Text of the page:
Whenever we see bats in photos, videos, or even in real life, they are almost always flying or hanging. If you visit a nature center and see a program about bats (or if a bat program comes to your school), you'll usually see them being held in a demonstrator's hand. We rarely see them walking. It turns out that the reason for that is simple - most bats can't walk.
Bats are the only mammals that can fly, and they are extremely specialized for this skill. Their bodies have an aerodynamic shape, their bones are light, and their wings are thin, flexible, and hypersensitive. In fact, their wings have almost two dozen joints and are covered with Merkel cells, which are the touch-sensitive cells found on our fingertips.
Unfortunately, most bats' rear legs are more or less useless for anything except hanging. They are very thin and weak with fragile bones. Their knees also face backward. If a bat ends up on the ground, he'll use his front limbs to clumsily drag his body while keeping pressure off the back legs. This can be awkward since the front limbs are meant for flying rather than crawling.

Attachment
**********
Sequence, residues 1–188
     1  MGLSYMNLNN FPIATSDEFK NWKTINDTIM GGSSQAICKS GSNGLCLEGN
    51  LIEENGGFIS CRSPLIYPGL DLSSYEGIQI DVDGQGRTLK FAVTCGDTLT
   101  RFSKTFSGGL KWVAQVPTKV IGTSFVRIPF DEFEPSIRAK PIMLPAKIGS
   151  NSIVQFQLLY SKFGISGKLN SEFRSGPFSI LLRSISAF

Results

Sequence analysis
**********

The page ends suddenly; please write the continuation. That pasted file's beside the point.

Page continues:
However, out of the over 1,200 species of bat, there are two species that actually can walk - the vampire bat and the burrowing bat (also known as the lesser short-tailed bat). In fact, a laboratory study using treadmills showed that vampire bats can even sprint on all fours. They primarily use their front limbs, and can even reach speeds of 2.7 miles per hour. That may not sound very fast to a jogger or power walker, but it's definitely respectable for a small animal that's more equipped for flight.
The burrowing bat has adaptations conducive to walking - claws at the base of their toes, grooves on their feet, and elbow joints that bend sideways and allow them to use their wrists to push off. Burrowing bats take advantage of these traits to forage for food on the ground as well as in the air.